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When you team up two scrawny Douglas firs....

When you team up two scrawny Douglas firs . . .

"The scrawny, misshapen evergreen was far too ugly to ever be chosen as a Christmas tree. But then it teamed up with another just like it--and together they became the prettiest tree ever!'

This isn't the plot from a children's story. It's the way the Todd Brandoff family of Lolo, Montana, comes up with its Christmas tree every years. Instead of spending a bundle to buy one perfect tree, the Brandoffs choose two or three spindly ones, then put them together to form what resembles a single full tree.

"Whether we shop at a tree farm or lot,' says Mr. Brandoff, "trees with gaping vacancies and imbalanced branching are usually cheaper. If we get a permit to cut in the national forest, we do nature a good turn by harvesting weaklings and leaving the more beautiful plants to flourish uncramped.' (Before you cut, ask for a permit at the ranger station.)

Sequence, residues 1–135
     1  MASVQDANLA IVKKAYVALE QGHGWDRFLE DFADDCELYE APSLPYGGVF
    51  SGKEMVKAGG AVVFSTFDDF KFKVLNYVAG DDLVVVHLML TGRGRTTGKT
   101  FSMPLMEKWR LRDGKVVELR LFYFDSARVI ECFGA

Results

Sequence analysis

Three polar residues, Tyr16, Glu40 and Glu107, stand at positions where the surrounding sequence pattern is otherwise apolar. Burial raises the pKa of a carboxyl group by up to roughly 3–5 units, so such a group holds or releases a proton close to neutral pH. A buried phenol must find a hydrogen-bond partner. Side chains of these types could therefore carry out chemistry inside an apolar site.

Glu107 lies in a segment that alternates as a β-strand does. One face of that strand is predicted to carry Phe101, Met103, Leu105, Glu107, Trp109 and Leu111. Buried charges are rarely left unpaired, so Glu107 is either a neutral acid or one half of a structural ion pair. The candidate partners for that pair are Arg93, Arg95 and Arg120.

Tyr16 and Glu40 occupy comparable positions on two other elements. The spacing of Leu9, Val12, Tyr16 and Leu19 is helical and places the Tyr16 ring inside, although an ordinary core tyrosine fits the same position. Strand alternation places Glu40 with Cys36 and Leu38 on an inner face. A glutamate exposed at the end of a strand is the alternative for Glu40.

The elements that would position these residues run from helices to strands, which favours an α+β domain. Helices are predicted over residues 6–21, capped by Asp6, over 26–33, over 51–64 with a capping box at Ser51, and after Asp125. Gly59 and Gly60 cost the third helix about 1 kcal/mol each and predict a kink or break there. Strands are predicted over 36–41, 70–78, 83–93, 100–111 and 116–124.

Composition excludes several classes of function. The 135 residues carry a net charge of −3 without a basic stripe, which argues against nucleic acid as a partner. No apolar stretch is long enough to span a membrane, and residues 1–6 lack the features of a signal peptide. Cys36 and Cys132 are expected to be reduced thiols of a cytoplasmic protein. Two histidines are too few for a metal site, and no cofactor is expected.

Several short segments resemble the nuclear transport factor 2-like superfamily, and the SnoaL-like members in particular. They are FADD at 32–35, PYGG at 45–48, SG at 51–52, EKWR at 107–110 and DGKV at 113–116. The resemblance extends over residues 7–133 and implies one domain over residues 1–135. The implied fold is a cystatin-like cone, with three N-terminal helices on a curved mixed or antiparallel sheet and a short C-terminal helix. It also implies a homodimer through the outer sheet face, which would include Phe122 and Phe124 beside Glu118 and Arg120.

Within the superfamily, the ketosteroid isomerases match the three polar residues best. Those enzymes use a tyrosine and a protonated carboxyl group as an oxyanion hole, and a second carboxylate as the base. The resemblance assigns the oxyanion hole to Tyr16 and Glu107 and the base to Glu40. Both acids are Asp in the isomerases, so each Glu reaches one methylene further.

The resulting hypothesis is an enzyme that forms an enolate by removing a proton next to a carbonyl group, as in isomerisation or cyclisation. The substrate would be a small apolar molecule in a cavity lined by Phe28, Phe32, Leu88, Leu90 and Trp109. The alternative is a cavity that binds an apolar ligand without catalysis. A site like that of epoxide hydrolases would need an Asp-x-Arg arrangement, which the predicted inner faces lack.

At home, Mr. Brandoff positions his choices with skimpiest sides facing inward and ties the trunks together with garden twine at the top, middle, and just above the lowest branches. He then weaves the branches past one another, pruning some off or cutting them back. Then he saws a few inches off the trunks to even them and let the trees take up water more easily.

With a helper, Mr. Brandoff stands the resulting tree in a bucket that sits atop a 4-foot square of 3/4-inch plywood with eye screws at each corner.

To stabilize it, he places some fist-size stones in the bucket around the trunks. For additional support, he ties a length of twine from each eye screw to the trunks, about a third of the way up the tree.

The idea's worth trying with Douglas firs or pines--but it probably wouldn't work as well with stiffer, more formal true firs (Abies) or spruces (Picea).

Photo: Two trees cut from a clump of spindly Douglas firs (above) go into a bucket (right) to form a bushier single tree
COPYRIGHT 1987 Sunset Publishing Corp.
No portion of this article can be reproduced without the express written permission from the copyright holder.
Copyright 1987 Gale, Cengage Learning. All rights reserved.

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Date:Dec 1, 1987
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